PARLER CEO: Big Tech Giants Google, Facebook And Twitter Have Gone “Way Too Far”
- November 5, 2020
- Posted by: Craig Chamberlin
- Category: Social Media
“Once you start content curation and you start fact-checking, you’re introducing bias and I don’t think that there’s any perfect group without bias, so in terms of being a platform for transparency and free speech, they’ve gone way too far”John Matze, CEO Of Parler (Watch Full Interview Here)
The 2020 election marks one of the most controversial elections in my lifetime. In the weeks leading up to the election, many of the major news networks seemingly joined forces with Big Tech giants such as Google, Facebook and Twitter to interfere with a US Election. This interference took many forms: the reduced distribution of a New York Post bombshell, recent flagging of the President’s tweets, and much more.
The sad irony in this interference is the sitting president of the United States was accused of doing this himself for nearly three years. They ended up wrong about Trump Russia collusion interference with the 2016 election, and somehow managed to practice the very interference of which they accused Trump. The figure heads of these companies have still failed to provide an adequate explanation for censoring the New York Post story.
In a recent interview on Fox Business, CEO John Matze of Parler stated the social media and search networks had “gone too far”. He further stated they should no longer receive section 230 protections. Section 230 only protects these platforms if they do not act as publishers. With the rampant biased aggregation of their content, they forfeit this right.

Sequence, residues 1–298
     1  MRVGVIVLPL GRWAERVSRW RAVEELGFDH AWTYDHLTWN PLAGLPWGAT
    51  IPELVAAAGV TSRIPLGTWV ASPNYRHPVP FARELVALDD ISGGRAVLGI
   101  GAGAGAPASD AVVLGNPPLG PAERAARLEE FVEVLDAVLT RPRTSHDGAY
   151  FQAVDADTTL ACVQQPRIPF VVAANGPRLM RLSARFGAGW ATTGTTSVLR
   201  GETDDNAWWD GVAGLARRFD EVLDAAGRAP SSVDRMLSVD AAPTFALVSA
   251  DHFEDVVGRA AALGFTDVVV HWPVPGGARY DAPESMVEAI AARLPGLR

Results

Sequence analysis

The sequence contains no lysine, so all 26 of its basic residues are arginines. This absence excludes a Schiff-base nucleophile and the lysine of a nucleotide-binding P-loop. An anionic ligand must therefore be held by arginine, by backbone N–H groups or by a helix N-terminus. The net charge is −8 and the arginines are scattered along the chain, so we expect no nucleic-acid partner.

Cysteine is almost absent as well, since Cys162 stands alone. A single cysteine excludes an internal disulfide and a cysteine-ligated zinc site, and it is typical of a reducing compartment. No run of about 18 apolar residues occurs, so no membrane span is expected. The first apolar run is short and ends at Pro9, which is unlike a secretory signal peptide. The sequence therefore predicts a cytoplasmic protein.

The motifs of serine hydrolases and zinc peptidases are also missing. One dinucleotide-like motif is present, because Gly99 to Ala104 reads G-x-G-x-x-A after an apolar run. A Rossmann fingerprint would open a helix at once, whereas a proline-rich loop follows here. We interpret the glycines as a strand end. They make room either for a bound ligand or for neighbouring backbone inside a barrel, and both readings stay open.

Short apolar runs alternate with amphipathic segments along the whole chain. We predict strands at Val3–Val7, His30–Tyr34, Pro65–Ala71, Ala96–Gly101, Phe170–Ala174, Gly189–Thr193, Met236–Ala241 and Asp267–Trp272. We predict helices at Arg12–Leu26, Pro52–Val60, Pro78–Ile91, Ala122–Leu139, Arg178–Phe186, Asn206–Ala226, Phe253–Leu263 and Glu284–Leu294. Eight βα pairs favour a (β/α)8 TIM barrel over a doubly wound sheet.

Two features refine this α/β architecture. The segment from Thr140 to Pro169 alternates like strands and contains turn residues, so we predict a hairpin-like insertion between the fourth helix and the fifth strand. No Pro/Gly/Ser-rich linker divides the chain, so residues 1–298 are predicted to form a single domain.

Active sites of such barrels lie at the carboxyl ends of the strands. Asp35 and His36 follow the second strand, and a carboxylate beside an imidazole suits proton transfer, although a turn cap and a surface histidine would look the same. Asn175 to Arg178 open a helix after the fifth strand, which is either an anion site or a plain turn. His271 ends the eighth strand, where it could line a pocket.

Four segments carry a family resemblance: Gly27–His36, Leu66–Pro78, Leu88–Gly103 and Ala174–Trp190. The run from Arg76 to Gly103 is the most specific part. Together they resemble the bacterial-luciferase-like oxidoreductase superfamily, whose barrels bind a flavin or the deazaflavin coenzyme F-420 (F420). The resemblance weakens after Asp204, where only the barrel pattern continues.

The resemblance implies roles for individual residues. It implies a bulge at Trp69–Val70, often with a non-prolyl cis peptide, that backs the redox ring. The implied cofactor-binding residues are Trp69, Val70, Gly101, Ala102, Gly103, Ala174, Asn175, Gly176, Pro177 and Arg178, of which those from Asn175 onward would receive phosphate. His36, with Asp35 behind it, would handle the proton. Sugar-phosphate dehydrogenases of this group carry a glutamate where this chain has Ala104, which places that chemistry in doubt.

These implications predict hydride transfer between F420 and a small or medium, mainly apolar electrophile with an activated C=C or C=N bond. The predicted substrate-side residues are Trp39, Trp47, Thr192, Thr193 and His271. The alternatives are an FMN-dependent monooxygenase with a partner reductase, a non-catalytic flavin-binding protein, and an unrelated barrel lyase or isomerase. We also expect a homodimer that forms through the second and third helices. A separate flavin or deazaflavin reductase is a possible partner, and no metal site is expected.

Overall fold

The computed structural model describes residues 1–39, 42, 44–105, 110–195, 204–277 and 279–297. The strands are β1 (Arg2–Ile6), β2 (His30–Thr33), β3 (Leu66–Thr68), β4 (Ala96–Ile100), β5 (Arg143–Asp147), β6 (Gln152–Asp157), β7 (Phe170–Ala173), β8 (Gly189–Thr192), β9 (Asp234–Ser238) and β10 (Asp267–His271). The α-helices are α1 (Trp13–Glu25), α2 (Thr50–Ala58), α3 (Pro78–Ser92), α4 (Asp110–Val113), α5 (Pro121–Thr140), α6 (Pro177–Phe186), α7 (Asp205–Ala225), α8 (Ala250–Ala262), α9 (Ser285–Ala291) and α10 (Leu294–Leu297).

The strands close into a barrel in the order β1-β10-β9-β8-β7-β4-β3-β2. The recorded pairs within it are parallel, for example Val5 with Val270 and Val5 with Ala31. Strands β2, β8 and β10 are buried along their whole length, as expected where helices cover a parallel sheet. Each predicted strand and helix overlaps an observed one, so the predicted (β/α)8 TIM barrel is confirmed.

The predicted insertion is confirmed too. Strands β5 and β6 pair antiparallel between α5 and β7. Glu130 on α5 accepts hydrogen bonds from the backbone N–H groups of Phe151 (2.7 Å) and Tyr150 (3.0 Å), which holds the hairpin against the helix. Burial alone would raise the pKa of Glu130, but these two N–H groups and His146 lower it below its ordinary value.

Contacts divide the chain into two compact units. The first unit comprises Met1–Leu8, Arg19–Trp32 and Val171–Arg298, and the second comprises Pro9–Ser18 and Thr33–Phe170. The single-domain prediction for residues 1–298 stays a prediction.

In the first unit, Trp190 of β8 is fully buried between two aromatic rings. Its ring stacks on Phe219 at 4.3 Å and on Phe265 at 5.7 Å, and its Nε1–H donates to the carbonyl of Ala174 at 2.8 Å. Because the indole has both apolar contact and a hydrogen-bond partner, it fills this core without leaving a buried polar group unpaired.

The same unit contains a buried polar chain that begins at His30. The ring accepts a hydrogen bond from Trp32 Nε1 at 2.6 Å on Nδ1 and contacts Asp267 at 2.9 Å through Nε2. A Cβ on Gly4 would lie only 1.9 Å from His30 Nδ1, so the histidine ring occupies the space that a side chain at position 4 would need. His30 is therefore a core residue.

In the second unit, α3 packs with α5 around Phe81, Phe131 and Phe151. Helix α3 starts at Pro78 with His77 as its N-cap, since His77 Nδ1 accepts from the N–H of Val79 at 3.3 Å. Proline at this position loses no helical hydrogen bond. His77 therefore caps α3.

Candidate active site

“Matze is spot on with his analysis. Social Media’s very existence was to create a platform for individuals to connect with one another and express their individual ideas. Big Tech giants become editors as soon as these platforms actively engage in censoring and editing the types of conversations individuals are having.”
Matze is spot on with his analysis. Social Media’s very existence was to create a platform for individuals to connect with one another and express their individual ideas. Big Tech giants become editors as soon as these platforms actively engage in censoring and editing the types of conversations individuals are having.
Even though policing the internet is not sustainable, it doesn’t appear Big Tech is going to try anyway. For those actively on these networks, the best thing you can do is abandon them immediately. Their entire infrastructure and business depends on user engagement. If you’re an investor, now would be a good time to sell.
Parler is an excellent social network alternative. Parler’s setup is reminiscent of Twitter prior to the implementation of the 2016 “sensitivity” filters. In other words, before they became an editorial board for our conversations.